Well, that was it, the party was hooked. And the way the feast works, each course offered a boon, or was at the very least delicious. Some courses added immunity to poison, permanently. Others granted a once per week ability to read thoughts. Ron chomped through making and failing saving throws: you have to do both in order to get all the boons. Some courses grant boons to failed saves only, you see.

Ron was just getting boon after boon, and some of the other members of the party were getting them occasionally. They were mostly non-committal: eating some courses, but not others. There was a general aura of distrust among my players, and Miah, Jerry, and Keith weren’t touching ANYTHING. Meanwhile, 9 courses into the feast, Ron was now immune to the effects of starvation, permanently.

On the other side of the virtual table, Jerry was skeptical. Jerry, you see, is the perpetual “bad decision” guy in the party. Every time he has an idea, it blows up in his face. I’m probably way too mean to Jerry as the DM, but 9 times out of 10, it’s not me being mean! It’s the module. Jerry just has the uncanny habit of always picking the one exact bad action the authors of the adventure anticipated.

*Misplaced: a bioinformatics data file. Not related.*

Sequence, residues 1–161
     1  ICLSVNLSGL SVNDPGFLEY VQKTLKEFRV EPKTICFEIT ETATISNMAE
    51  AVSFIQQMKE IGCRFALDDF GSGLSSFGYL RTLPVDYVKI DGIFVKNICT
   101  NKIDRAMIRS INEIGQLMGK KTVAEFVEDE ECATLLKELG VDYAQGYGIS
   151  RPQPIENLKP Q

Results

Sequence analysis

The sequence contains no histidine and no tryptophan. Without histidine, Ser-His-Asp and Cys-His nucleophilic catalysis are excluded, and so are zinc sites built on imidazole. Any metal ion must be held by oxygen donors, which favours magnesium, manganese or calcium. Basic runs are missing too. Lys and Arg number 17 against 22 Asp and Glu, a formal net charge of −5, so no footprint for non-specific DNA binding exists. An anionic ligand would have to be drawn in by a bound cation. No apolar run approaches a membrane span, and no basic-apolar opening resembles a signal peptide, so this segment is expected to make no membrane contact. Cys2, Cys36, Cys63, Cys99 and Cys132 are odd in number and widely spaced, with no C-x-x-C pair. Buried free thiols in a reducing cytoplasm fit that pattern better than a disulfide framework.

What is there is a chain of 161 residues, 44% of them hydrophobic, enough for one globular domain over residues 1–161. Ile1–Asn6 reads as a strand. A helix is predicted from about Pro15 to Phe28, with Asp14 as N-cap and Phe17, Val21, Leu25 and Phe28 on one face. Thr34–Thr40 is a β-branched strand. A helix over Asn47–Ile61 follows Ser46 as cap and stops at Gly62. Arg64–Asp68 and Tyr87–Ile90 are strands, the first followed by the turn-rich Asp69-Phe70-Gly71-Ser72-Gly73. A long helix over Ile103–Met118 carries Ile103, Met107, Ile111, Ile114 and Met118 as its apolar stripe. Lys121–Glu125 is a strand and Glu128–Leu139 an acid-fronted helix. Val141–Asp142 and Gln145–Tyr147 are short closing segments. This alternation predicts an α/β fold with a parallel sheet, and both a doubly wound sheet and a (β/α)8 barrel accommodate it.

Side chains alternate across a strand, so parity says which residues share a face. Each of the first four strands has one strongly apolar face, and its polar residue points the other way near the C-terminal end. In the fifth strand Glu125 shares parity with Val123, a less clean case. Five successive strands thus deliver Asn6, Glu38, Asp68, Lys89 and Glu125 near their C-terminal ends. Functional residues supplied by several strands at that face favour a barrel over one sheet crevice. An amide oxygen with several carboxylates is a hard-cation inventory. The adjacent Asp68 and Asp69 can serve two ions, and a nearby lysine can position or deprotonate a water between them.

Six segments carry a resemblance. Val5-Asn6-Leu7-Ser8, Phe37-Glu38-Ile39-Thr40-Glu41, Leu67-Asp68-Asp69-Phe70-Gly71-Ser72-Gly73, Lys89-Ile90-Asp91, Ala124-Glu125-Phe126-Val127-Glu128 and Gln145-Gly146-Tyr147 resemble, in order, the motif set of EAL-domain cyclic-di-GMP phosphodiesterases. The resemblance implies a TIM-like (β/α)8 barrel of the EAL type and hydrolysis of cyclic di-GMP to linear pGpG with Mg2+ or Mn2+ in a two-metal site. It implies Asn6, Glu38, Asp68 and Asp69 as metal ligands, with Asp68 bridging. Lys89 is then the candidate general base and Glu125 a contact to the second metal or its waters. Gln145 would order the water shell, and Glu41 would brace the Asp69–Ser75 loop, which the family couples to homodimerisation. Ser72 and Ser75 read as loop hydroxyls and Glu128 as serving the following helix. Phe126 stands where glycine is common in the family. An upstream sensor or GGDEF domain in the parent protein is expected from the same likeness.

If there is a trap, Jerry will not only trigger it, but he will trigger it twice if possible. 3 times, even. Or he’ll fail his trap disarming throw. Or he’ll send his mage hand into a hidden nest of slumbering gricks.

Well, today, Jerry was extra careful. He didn’t touch a single course. Not one single course. Not a sip of wine, not a bite of roast beef, no onion soup, no wheat bread, no dessert, not a sausage.

Until the final item on the menu was dispensed. Brandy. And all but three of the 4 players partook, Jerry among them. It was the only thing he consumed.

According to the adventure, anyone who failed a wisdom saving throw upon drinking the brandy (and many had minuses to that because they’d drunk the wine and become inebriated) would vanish into thin air along with the other spectral dinner guests upon completion of the meal, never to return.